Business owners are urging council chiefs not to turn Auchterarder into a ghost town when thousands of people descend on Gleneagles for an international golf tournament.
The 2019 Solheim Cup is expected to attract more than 30,000 spectators each day, as well as around 5,000 staff and journalists from around the globe.
Locals say visitors have been put off venturing into Auchterarder during major events in recent years due to local road closures and scaremongering about traffic chaos.
Perth and Kinross Council and Transport Scotland held a joint public meeting on Monday to allow residents to raise their concerns about traffic management during the event, which will see Europe’s finest female golfers face-off against the USA in September.
Maggie Robin, owner of ladies’ formalwear shop Bear Necessities, said tourists were put off visiting Auchterarder during the 2014 Ryder Cup, leaving the town quieter than usual despite more than 50,000 people flooding Gleneagles.
“Auchterarder will be open for business during the Solheim Cup but if it is not handled right it will just shut us down again,” she said.
“When the Ryder Cup was on we had practically no trade because people had been put into a panic and told they would never get parked and there would be constant jams, which wasn’t the case at all.
“People come for the golf, they don’t come to shop, but with so many extra people in the area it would be crazy not to want to promote the town.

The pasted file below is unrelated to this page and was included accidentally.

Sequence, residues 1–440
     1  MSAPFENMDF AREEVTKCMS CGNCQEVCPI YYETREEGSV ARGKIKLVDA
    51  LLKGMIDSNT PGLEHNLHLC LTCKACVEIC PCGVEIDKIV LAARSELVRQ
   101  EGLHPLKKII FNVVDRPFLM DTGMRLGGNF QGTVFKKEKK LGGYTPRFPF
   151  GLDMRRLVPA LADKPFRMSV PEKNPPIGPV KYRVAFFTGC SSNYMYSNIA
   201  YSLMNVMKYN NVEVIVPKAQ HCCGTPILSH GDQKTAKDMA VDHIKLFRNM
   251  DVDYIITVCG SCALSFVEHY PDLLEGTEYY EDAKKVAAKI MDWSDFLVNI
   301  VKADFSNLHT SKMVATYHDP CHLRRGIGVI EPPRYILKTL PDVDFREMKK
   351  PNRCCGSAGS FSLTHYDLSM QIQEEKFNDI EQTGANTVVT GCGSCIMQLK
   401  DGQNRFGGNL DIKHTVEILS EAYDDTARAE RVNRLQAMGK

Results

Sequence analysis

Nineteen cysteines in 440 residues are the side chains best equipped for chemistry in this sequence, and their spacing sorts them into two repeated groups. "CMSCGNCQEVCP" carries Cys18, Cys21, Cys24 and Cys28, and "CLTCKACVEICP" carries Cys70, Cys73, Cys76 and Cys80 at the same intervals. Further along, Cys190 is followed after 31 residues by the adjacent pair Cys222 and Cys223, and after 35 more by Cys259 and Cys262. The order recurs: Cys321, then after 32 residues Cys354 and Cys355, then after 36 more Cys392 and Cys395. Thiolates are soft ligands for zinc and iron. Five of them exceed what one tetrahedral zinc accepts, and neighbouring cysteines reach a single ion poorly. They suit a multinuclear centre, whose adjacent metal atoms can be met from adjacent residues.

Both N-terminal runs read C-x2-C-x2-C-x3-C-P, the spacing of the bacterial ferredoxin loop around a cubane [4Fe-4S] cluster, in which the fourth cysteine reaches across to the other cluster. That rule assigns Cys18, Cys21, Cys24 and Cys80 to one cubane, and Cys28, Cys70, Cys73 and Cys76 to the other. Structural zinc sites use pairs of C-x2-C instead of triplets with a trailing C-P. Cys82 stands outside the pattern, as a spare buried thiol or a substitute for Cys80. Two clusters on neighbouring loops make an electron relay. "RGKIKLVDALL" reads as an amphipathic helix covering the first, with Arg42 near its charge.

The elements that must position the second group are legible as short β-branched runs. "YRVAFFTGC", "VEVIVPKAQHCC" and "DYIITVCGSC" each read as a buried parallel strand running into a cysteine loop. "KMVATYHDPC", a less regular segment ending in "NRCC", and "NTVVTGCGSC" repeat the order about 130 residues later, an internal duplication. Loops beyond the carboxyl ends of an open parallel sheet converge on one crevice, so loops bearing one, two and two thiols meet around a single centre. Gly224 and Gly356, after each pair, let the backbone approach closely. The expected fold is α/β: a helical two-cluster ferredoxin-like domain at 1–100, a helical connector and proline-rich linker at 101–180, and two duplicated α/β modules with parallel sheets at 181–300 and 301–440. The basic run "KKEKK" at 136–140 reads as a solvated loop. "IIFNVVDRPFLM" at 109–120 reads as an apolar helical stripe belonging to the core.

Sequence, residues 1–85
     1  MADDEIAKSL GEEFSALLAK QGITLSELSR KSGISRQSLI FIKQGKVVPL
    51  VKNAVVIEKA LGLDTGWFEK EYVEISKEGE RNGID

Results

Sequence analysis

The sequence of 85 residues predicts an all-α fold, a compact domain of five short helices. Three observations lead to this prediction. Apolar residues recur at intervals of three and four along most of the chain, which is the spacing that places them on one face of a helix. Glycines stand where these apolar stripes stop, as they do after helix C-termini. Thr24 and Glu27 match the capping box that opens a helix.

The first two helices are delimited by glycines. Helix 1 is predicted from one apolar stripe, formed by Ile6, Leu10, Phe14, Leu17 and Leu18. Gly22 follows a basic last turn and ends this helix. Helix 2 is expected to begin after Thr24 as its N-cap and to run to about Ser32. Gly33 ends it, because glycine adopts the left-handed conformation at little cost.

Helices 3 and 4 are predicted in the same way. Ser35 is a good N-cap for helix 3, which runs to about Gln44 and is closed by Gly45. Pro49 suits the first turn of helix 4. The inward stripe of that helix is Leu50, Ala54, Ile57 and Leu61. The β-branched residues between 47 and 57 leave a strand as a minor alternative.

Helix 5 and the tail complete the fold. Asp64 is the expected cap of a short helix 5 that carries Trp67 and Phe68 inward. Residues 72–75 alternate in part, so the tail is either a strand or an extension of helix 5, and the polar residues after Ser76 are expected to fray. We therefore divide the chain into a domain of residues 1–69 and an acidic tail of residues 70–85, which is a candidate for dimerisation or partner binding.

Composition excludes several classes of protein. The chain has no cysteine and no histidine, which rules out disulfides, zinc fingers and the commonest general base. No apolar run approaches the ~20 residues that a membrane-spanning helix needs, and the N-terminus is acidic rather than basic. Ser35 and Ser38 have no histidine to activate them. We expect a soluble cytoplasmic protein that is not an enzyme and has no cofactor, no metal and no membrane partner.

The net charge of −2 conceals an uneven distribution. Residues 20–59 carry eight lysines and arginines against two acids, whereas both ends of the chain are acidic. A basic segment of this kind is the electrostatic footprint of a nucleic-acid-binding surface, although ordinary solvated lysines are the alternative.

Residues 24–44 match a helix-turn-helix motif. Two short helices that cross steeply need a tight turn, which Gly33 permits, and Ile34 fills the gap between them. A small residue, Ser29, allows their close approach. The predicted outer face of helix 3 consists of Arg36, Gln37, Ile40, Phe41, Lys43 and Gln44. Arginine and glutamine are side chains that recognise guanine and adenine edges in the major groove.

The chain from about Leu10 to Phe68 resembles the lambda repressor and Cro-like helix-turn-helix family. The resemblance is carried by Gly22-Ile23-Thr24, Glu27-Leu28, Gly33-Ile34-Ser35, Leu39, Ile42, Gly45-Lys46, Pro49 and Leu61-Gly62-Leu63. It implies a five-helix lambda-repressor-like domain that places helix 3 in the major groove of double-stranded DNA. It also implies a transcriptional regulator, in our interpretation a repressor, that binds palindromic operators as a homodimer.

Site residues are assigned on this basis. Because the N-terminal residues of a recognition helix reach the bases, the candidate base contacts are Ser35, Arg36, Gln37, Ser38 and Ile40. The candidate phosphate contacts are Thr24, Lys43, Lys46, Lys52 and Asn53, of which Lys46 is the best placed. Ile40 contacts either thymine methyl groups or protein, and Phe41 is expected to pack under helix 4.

“I just want people to know that Auchterarder is open for business and that we want to welcome visitors but we haven’t been considered in previous plans, in fact I would say local businesses have been disregarded.”
The only road closure will be the A823, around the venue and park and rides facilities will be set up in Stirling and Perth’s McDiarmid Park.
Karen Howie, owner of Forget-Me-Not Fashions, called for closures to be kept to a minimum, to encourage people to venture into the town.
“When they have closed the roads for other big events it has been really damaging for businesses,” she said.
“It’s a shame for local businesses who don’t get the benefit of all the extra people in the area. We want to bring people into the town, not send them away.”
A statement from Auchterarder Business Network said the town had “little or no benefit” from the Ryder Cup.
“Spectators were transported in from park and ride areas or directly from the train station,” it said.
“Auchterarder businesses saw little or no benefit from the event itself and lost quite substantially as people who would normally have visited stayed away thinking the town would be busy.
“Initially it was believed that spectators would be able to visit the town throughout their day at the event but this proved not to be so. It is to be hoped that these conditions will not be repeated at the Solheim Cup.
“The Auchterarder community and businesses are fully supportive of these high profile events being held at the Gleneagles Hotel. However, when they end up suffering as those around them profit, this is not a sustainable method of working.”
This comes just weeks after Perth and Kinross Council was criticised for its “over the top” travel arrangements for the BBC’s Biggest Weekend festival at Scone Palace.
The council, Transport Scotland, Gleneagles Hotel and tournament organisers are said to be working to ensure “minimum disruption” to residents and businesses.
Council leader Murray Lyle said: “The Solheim Cup is estimated to bring £15 to 20 million in economic benefits.
“Drawing on the experience of the 2014 Ryder Cup, we want to involve local communities as early as possible in planning for a successful event.”